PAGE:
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Three generations of Corderos pose near the Sullivan Virgin River Soccer Park, Nov. 2021

Featured Article

Fathers and Sons and Baseball

A father's recollection across three generations

Article by David Cordero

Photography by Photos courtesy of Cordero family

Originally published in St George City Lifestyle

The violent aluminum ping gives a hint of what comes next—a soaring line drive, curling into the right-center field gap, over the heads of two pursuing outfielders. The baseball landed three hops from the fence, traveling farther than the batter’s father would have thought possible.

That was my son, David Cordero Jr., a 14-year-old freshman who plays baseball for Desert Hills. It was a clear April day, and the collision of ball and bat brought back memories to a time when I launched a pitch farther than my dad would have thought possible.

That had been a cloudy Saturday morning 26 years ago, the ball exploding off my bat and somehow striking the base of the left-center field fence. A senior in high school and just 160 pounds, it is doubtful I ever hit a ball within 50 feet of that distance before or since. It was a special feeling.

That year, my dad worked two hours away from town. Consequently, he missed a lot of my games. Prior to that season, I could count on one hand the number of games he missed. At various times, he helped coach my teams or keep the scorebook. He loved watching me play.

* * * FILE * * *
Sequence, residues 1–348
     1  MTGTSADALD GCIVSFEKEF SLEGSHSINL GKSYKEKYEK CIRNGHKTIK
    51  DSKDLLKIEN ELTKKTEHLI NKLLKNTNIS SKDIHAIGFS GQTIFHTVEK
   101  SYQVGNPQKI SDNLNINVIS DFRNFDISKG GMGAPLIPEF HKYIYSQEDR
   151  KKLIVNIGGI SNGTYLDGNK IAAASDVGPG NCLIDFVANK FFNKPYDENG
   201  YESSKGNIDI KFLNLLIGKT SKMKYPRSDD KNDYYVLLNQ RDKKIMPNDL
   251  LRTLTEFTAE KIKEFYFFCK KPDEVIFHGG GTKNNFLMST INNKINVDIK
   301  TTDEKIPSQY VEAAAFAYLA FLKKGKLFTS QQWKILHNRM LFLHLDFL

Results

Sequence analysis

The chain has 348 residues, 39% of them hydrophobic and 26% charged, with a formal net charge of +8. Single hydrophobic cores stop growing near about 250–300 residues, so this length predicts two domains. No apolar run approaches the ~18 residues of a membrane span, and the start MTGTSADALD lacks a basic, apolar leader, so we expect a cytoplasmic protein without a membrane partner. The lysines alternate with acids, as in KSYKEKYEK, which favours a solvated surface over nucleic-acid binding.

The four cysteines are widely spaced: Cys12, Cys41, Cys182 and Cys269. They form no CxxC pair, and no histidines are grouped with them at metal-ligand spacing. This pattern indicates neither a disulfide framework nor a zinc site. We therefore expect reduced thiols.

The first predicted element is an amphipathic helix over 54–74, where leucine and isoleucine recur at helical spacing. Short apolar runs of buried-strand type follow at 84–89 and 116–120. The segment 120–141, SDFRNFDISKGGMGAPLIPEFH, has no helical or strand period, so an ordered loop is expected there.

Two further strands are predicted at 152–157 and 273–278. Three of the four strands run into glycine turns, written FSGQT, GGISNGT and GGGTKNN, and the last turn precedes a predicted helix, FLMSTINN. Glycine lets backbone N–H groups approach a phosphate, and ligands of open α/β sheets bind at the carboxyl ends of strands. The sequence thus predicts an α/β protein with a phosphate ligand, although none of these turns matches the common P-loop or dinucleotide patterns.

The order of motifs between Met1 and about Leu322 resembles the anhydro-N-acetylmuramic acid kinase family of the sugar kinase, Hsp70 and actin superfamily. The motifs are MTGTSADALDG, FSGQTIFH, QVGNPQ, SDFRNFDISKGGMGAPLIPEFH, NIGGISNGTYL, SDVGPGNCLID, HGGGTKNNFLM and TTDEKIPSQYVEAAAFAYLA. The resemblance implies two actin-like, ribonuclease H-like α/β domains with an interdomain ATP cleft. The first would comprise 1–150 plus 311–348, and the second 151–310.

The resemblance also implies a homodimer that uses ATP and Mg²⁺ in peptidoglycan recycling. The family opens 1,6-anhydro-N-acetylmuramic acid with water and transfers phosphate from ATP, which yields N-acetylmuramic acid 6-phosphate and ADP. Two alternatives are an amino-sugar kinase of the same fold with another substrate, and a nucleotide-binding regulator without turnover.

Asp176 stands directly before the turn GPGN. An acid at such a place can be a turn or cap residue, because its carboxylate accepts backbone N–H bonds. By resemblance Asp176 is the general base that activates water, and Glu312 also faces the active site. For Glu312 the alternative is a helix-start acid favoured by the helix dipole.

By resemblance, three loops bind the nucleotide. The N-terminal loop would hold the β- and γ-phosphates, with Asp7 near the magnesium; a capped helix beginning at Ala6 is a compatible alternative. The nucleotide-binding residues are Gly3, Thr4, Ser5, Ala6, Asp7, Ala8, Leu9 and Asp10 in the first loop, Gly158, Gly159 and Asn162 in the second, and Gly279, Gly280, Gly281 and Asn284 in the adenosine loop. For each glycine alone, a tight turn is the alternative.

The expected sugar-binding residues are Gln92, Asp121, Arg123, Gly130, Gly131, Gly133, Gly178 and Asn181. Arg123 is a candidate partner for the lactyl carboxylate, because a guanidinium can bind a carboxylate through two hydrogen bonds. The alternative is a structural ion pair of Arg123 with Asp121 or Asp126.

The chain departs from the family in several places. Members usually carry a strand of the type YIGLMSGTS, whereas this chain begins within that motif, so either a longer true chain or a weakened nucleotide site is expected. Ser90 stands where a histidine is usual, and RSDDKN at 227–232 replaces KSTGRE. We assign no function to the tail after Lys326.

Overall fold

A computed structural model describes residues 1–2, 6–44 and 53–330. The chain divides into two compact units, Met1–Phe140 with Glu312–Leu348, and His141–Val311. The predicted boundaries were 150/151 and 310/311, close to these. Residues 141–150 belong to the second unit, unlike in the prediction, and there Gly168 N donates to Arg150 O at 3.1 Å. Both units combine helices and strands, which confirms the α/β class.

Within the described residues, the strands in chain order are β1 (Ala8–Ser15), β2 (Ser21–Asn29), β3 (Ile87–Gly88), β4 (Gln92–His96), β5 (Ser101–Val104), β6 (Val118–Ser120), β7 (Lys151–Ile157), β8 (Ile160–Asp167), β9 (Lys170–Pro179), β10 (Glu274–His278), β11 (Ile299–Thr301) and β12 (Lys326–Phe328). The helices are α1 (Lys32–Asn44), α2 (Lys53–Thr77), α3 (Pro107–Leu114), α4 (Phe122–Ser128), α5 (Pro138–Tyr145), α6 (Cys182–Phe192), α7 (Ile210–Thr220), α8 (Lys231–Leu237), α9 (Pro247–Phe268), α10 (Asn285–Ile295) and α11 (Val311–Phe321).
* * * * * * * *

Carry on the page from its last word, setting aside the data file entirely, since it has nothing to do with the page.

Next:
My dad made it home on the weekends and witnessed—on that particular day—what was easily my longest hit. I can distinctly remember my dad yelling, “All right, David!”

Now I’m a dad, and look what has happened. I’ve coached my son’s teams many times and have been the scorekeeper quite often. I love watching my son play. I also love when my dad gets to watch his grandson play.

Before this year my dad lived 450 miles away. Now he’s two miles away, and he can watch David Jr. all the time.

And while my indelible moment resides only in the memory of a few, my son’s hit was recorded. I have watched it quite often. The timing perfect. Hands in. Head down. Driving through the pitch. He took off immediately and didn’t stop until he slid into third with a booming triple and a cascading wave of confidence.

What makes it even better: If I turn the sound up, I can hear the excitement in my dad’s voice as he cheers him on.

  • From left, Bob Cordero, David Cordero, Jr. and David Cordero, Sr. enjoy a quiet early evening in the backyard, April 2021
  • Three generations of Corderos pose near the Sullivan Virgin River Soccer Park, Nov. 2021
  • David Cordero, Jr. poses after posting his first-ever shutout as a high school pitcher, April 2022
  • David Cordero